Three to four of Jupiter’s moons could also potentially be seen, one named Europa. Trina L. Ray is a science manager for the Europa Clipper mission at NASA’s Jet Propulsion Laboratory in Pasadena, California. “Since I am working on a spacecraft that we are going to send to the Jupiter system to explore Europa, I'm always excited to see Jupiter and even Europa with my own eyes,” she said. Many scientists were excited to see Europa, as they believe there could be life on Jupiter's moon, according to “The Guardian.” [Read More]

Eerie Double Aurora Lights Up Northern Sky

by Emily Rodriguez Lima, age 13

Two different auroras have appeared together at the same time with colors resembling a watermelon: green on the bottom and red on top. This phenomenon was seen by amateur astronomer Alan Dyers. Dyers was outside his house when he saw a beautiful display of the Northern Lights up in the sky. He took out his camera to record this unique image; his recording is the most complete recording of this special aurora.

This aurora differs from other Northern Lights, not only because of its unusual colors, but because of how these colors are made. The color green is a standard aurora, which comes from protons raining down into Earth's magnetic field. This causes the protons to bump into atoms and electrons.

The red part of the aurora has already been seen in other auroras, however astronomers do not know how it is made. The color red of this aurora is new to both astronomers and scientists and is believed to come from magnetic fields that heat up in certain parts of the Earth’s atmosphere, which can knock some particles around. They believe that when electron rain appears, it triggers the red aurora. [Read More]

Would You Want to Live on Neptune?

by Dilma Attidekou, age 8

Neptune, the smallest out of all outer planets, is known for its blue color. Methane is the reason for its color. Neptune has less then four percent of methane within its atmosphere.

Neptune is very far from Earth, approximately 2.5 billion miles away. Pluto is usually farther from the sun than Neptune, but once every 248 years, Pluto crosses in front of Neptune. The planet has enormous storms, but they don’t last as long as Jupiter's great Red Spot.

Neptune takes 165 Earth years to orbit around the sun. Due to the planet's orbit being almost a perfect circle, its seasons are all of even length. Neptune’s climate and seasons are different from Earth’s seasons. [Read More]

What Will Happen to Earth When the Sun Dies?

by Juan Esteban Palma Zuluaga, age 10

Our sun, like other stars, will die. Stars only shine as long as they have a source of energy, and eventually that gives out.

The sun converts 700 million tons of hydrogen in its core into 695 million tons of helium to create its own energy, but once all the hydrogen in its core has fused, the sun will begin to run out of fuel. When the sun dies, it will not only impact the Earth, but the entire solar system.

The sun was born about 4.6 billion years ago, it is believed the sun is about halfway through its life. In around 5 billion years, nuclear fusion will be impossible inside the sun. The sun will then run out of hydrogen in its core. When that finishes, it will convert the hydrogen in its outer layers. [Read More]

From the Big Bang to Humankind: How Life Emerged

by Julian Medina Ruiz, age 14

About 12 billion years ago, a big explosion, presently known as the “Big Bang,” created the universe.

The solar system we live in began to form 7.4 billion years ago. Earth was created by rock, ice, dust, and gas combining together. While forming, the Earth released an enormous amount of energy, causing the planet to heat up. For 100 million years, the components of planet Earth remained molten as they shifted into layers. Heavier minerals like iron and nickel, sank to the center and now form the dense core of the Earth, measuring 2,200 miles wide. The lighter minerals settled towards the surface of the Earth, creating its crust. The core and the crust are separated by 1,800 miles of molten rock, called the mantle. Certain lighter rocks gathered together to form “islands” or land.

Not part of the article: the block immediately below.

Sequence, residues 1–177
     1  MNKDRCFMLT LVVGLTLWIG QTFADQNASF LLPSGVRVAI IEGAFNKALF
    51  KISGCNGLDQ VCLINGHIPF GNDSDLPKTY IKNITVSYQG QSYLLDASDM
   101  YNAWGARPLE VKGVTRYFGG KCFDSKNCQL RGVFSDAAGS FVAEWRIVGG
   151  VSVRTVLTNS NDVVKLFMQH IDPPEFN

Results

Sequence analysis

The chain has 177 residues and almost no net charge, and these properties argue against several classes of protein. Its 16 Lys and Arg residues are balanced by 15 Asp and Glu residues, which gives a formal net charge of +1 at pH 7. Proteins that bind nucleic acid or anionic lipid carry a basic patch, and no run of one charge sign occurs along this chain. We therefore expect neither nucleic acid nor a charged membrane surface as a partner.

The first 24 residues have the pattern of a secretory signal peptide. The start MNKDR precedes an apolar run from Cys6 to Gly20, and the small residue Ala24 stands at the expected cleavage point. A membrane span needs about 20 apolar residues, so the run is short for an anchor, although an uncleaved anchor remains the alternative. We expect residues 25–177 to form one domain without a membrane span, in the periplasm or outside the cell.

Some scientists think that Earth’s crust cooled down, amino acids began to form, and over time, microscopic life emerged. Stanley Miller, a researcher from the University of Chicago showed that anyone can make amino acids just by using chemicals existing in a primitive atmosphere, water, and lightning. Amino acids are one of the basic components of life. [Read More]

Local Observatory Renamed For STEM Pioneer Jocelyn Bell Burnell

by Mariah Justice, age 17

“Astronomy compels the soul to look upward, and leads us from this world to another,” said Greek philosopher Plato. With the renaming event on September 7 for the Bell Burnell Observatory— previously the Oscar Mayer Observatory—Madison has a new facility for cultivating the exploration of astronomy.

The history of the Bell Burnell Observatory dates back to 1880, when the director of the Washburn Observatory, located on University of Wisconsin-Madison's (UW) campus, felt there was too much student traffic for the University to only have one observatory. This notion spurred him to personally fund the construction of the student observatory, which was then called the Student Observatory. However, as Madison grew, light pollution obstructed both the Student and Washburn observatories, rendering the facilities obsolete.

In 1959, the UW offered to gift the Student Observatory to the Madison Astronomical Society (MAS) on the condition that MAS was able to finance a move to a different site. A year later, the observatory was officially relocated to its current location on the Promega Campus, and renamed the Oscar Mayer Observatory after the astronomer who funded its move. The observatory was in use for over two decades until light pollution resulting from Madison’s growth once again caused it to be inactive. [Read More]